FDA will actively regulate only the small portion of mobile medical applications that present the same risks as FDA-regulated conventional devices, the agency affirmed in the much-anticipated mobile apps final guidance (PDF) issued Sept. 23.
Sticking to a policy outlined in its 2011 draft guidance, the agency will apply enforcement discretion to a long list of lower-risk app types, even if they might technically meet the definition of a medical device. ...
Bradley Thompson, a lawyer with Epstein Becker and Green who heads the mHealth Regulatory Coalition, told "The Gray Sheet," the group is "delighted" FDA published the guidance within the timeframe promised to Congress.
"There is much that is very helpful in this guidance document, and we are particularly pleased that FDA is looking for innovative ways to communicate on a more ongoing basis the kinds of technologies that are regulated, and the kinds that are not," he said.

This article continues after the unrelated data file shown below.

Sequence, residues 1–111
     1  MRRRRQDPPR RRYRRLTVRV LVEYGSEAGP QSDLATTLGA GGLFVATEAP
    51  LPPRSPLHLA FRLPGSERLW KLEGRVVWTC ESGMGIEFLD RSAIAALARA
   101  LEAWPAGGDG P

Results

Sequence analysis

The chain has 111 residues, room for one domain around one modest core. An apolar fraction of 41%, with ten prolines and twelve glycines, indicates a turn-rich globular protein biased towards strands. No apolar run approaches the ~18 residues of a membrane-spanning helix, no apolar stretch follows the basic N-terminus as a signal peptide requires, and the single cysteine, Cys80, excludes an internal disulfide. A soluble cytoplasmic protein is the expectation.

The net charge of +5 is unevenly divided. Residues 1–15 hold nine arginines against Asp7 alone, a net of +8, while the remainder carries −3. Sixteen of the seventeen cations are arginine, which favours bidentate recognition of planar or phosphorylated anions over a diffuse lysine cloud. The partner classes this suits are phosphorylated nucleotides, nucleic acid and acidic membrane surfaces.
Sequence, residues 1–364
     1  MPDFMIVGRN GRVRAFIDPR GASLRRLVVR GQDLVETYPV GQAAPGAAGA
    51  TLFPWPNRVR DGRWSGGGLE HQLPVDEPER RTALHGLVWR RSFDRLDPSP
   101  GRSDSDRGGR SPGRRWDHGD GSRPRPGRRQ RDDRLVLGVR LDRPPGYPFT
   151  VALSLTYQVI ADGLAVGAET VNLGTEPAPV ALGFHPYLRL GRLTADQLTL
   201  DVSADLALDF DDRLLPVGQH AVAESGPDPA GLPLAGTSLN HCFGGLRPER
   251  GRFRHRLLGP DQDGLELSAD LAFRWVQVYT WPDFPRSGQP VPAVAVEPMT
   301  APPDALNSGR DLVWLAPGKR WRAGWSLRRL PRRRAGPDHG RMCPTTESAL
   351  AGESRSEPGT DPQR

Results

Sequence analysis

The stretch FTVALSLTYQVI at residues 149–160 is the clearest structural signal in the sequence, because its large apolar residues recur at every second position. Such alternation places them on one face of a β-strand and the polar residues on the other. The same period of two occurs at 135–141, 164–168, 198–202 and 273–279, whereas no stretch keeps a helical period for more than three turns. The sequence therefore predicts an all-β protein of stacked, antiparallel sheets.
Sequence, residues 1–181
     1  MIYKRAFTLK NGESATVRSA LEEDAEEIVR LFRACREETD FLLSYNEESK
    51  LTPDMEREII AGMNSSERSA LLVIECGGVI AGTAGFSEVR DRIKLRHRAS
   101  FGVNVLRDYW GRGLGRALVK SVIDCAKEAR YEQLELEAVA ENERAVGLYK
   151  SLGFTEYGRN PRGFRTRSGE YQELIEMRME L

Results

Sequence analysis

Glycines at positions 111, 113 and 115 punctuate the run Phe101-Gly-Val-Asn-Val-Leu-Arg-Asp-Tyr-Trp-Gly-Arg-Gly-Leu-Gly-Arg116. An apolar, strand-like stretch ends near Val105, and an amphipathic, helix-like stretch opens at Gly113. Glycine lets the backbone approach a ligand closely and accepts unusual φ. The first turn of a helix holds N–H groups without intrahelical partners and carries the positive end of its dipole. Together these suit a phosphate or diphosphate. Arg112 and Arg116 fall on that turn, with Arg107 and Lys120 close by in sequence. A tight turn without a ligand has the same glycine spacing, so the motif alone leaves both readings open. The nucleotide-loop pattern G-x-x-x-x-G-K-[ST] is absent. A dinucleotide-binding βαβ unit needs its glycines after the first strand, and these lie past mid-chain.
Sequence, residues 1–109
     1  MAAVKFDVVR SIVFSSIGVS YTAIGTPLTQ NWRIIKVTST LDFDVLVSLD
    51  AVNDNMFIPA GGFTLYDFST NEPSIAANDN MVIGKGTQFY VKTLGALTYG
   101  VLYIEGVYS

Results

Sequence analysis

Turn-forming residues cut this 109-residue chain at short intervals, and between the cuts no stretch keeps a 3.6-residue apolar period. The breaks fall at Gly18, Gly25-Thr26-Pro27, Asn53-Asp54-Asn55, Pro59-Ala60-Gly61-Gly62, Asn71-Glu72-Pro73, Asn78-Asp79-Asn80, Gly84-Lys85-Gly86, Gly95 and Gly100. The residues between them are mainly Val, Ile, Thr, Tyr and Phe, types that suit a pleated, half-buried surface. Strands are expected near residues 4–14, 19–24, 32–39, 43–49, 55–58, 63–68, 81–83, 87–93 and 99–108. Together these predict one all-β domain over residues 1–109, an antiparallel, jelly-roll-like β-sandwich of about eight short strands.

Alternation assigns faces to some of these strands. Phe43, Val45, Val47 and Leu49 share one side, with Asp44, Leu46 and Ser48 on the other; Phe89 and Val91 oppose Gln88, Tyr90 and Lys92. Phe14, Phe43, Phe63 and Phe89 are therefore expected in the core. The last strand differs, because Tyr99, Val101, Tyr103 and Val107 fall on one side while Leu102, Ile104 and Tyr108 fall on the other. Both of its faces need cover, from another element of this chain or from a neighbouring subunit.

He said the final guidance is similar to the proposed guidance and still "omits some very important areas." In particular, he said FDA has not addressed the definition of what are regulated, disease intended uses compared to unregulated, wellness intended uses, as well as the exact meaning of an "accessory to a medical device," in the final guidance.
"But we also understand that FDA is working on those two topics separately so we look forward to seeing what the agency comes up with," he added.